First Hybrid Passenger Car by Mercedes-Benz

By dancurranjr On September 29th, 2008

Mercedes-Benz is launching its first passenger car model equipped with a hybrid drive system in summer 2009: the S400 Blue Hybrid. The new model is based on the S350 and features a modified drivetrain. This encompasses a further development of the 3.5 litre V6 petrol engine, an additional magneto-electric motor, the 7G-Tronic seven-speed automatic transmission specially configured for the hybrid module, the necessary operating and control electronics, the transformer and a high-voltage lithium-ion battery. Thanks to its compact dimensions and modular design, the additional weight of the overall system is only 75 kilograms – including the comprehensive safety systems.

The combination of a modified V6 petrol engine and a compact hybrid module makes the model one of the most economical luxury saloons with a spark-ignition engine. According to the German car manufacturer the New European Driving Cycle combined fuel consumption is a mere 7.9 litres per 100 kilometres resulting in the lowest CO2 emissions in this vehicle class of 190 grams per kilometre. The 3.5 litre petrol engine develops an output of 205 kilowatts; the electric motor generates 15 kW and a starting torque of 160 Newton metres. The result is a combined output of 220 kW and a combined maximum torque of 385 Newton metres. The compact hybrid module is a disc-shaped electric motor that also acts as a starter and generator. The system offers both fuel consumption and performance. This is partly due to the booster effect of the electric motor, as it powerfully backs up the petrol engine with a maximum additional torque of 160 Newton metres during the high-consumption acceleration phase. The hybrid module also has an electronic Start/Stop function, which switches the engine off when the vehicle is at a standstill. When it is time to move off again, the electric motor restarts the main power unit. When the vehicle is braked the electric motor acts as a generator, and is able to recover braking energy by a process known as recuperation.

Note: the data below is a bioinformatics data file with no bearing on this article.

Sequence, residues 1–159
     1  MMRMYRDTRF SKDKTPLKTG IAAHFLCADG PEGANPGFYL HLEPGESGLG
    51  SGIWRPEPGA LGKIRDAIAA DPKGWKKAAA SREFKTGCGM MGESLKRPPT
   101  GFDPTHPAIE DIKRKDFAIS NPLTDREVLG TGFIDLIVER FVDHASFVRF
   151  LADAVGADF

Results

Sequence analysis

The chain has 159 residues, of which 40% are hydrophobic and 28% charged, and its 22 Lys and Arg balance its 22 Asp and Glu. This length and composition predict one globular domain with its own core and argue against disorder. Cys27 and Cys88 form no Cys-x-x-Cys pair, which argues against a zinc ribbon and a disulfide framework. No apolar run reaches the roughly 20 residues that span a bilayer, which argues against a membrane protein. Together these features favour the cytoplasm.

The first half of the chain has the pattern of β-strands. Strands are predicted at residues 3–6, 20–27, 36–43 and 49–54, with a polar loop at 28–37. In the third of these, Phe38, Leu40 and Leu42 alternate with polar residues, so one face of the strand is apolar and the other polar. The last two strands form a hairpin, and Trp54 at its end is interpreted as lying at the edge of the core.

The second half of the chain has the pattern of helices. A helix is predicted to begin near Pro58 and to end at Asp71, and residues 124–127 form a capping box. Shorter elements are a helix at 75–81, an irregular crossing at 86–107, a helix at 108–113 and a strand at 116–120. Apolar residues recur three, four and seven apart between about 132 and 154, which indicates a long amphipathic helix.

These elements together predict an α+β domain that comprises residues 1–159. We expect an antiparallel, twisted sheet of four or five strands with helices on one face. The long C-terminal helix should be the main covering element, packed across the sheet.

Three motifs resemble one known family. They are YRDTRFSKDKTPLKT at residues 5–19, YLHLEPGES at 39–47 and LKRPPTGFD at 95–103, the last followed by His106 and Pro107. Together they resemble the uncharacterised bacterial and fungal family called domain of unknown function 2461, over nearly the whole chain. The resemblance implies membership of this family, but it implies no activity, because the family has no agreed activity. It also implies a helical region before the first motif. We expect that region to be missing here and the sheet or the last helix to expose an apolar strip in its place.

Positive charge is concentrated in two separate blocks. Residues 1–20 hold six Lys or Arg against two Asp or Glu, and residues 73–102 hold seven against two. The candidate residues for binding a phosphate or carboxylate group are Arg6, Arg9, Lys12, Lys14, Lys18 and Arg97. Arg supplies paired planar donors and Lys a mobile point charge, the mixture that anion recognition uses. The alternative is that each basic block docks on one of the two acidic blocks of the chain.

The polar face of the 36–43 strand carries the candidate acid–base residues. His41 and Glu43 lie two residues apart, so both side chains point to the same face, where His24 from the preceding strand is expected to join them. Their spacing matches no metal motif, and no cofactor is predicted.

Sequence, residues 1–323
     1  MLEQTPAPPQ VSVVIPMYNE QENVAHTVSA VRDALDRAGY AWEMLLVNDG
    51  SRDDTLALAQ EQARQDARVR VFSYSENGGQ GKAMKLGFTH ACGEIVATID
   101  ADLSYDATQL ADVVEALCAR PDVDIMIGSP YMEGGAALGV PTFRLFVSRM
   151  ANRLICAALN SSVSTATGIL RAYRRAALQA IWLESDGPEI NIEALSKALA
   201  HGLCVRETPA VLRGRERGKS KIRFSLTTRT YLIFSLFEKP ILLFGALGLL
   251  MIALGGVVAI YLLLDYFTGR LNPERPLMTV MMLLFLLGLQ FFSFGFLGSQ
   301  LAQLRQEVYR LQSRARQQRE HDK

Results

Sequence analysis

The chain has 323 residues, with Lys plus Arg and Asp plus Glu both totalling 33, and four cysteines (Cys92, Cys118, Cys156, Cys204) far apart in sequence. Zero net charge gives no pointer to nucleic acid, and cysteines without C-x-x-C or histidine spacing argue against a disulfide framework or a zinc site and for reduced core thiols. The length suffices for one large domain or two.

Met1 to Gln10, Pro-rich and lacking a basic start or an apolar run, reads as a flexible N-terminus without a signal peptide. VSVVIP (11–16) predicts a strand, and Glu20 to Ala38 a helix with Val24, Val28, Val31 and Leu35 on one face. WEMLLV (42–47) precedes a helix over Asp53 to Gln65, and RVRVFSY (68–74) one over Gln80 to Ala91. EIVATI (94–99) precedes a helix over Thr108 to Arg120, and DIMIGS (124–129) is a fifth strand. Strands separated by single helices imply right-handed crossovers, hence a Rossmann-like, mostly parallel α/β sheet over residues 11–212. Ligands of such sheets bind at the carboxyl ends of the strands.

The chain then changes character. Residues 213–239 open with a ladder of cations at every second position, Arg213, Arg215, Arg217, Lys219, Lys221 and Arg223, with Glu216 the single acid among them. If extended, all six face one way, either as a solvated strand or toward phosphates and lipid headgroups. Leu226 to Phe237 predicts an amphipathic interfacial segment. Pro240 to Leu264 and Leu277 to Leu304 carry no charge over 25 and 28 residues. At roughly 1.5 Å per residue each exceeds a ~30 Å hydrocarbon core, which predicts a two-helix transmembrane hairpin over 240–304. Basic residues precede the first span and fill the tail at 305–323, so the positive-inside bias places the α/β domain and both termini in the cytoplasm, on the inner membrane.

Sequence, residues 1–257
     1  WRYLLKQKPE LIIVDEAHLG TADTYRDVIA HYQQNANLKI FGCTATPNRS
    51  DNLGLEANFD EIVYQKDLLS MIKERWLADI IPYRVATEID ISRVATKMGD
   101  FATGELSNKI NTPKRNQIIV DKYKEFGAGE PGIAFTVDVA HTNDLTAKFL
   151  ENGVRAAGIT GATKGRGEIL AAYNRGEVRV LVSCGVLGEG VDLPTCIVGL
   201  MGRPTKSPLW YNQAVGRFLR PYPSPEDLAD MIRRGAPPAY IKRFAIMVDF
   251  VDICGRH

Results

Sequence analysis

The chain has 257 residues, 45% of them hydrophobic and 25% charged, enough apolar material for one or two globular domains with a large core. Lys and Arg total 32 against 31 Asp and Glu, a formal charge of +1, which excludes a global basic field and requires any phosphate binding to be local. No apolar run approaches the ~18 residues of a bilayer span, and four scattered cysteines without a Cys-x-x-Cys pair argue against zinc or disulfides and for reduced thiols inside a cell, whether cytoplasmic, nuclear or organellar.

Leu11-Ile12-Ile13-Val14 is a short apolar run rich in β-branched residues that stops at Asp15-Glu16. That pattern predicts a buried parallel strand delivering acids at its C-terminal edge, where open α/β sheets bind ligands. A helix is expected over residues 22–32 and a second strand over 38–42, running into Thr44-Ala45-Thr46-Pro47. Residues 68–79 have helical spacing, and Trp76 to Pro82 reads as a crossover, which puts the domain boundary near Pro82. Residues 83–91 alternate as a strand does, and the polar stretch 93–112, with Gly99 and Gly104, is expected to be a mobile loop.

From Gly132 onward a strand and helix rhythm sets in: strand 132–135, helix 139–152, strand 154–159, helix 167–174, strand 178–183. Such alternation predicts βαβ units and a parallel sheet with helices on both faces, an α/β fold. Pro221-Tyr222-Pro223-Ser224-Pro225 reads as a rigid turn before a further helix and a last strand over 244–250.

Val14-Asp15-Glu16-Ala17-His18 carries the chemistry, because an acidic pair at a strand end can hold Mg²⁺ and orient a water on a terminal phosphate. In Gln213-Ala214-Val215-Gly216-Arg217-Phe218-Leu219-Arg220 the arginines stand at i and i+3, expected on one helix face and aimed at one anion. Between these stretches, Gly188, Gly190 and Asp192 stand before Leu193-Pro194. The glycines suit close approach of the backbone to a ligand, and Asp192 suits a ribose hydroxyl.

The centrepiece of the modular hybrid drive system is the new high-voltage lithium-ion battery, which was specially developed for automotive use. Major advantages over conventional nickel/metal hydride batteries include a higher energy density and better electrical efficiency, together with more compact dimensions and a lower weight. The lithium-ion battery not only stores energy for the electric motor, but is also connected to the 12 Volt onboard network via the transformer to supply power to other standard consumers such as the headlamps and comfort features. The engine management system responds very sensitively to different driving conditions, and optimally configures the drive system for the relevant application, ensuring that both fuel consumption and emissions are kept to the lowest possible level. Dedicated control electronics are required to operate the three-phase Alternating Current electric motor in the 120-Volt high-voltage Direct Current network. The current converter is accommodated in the space formerly occupied by the starter. As the control electronics heat up as a result of electric currents measuring up to 150 ampere, the system is equipped with its own, additional low-temperature cooling circuit.

Source: ATZ Online

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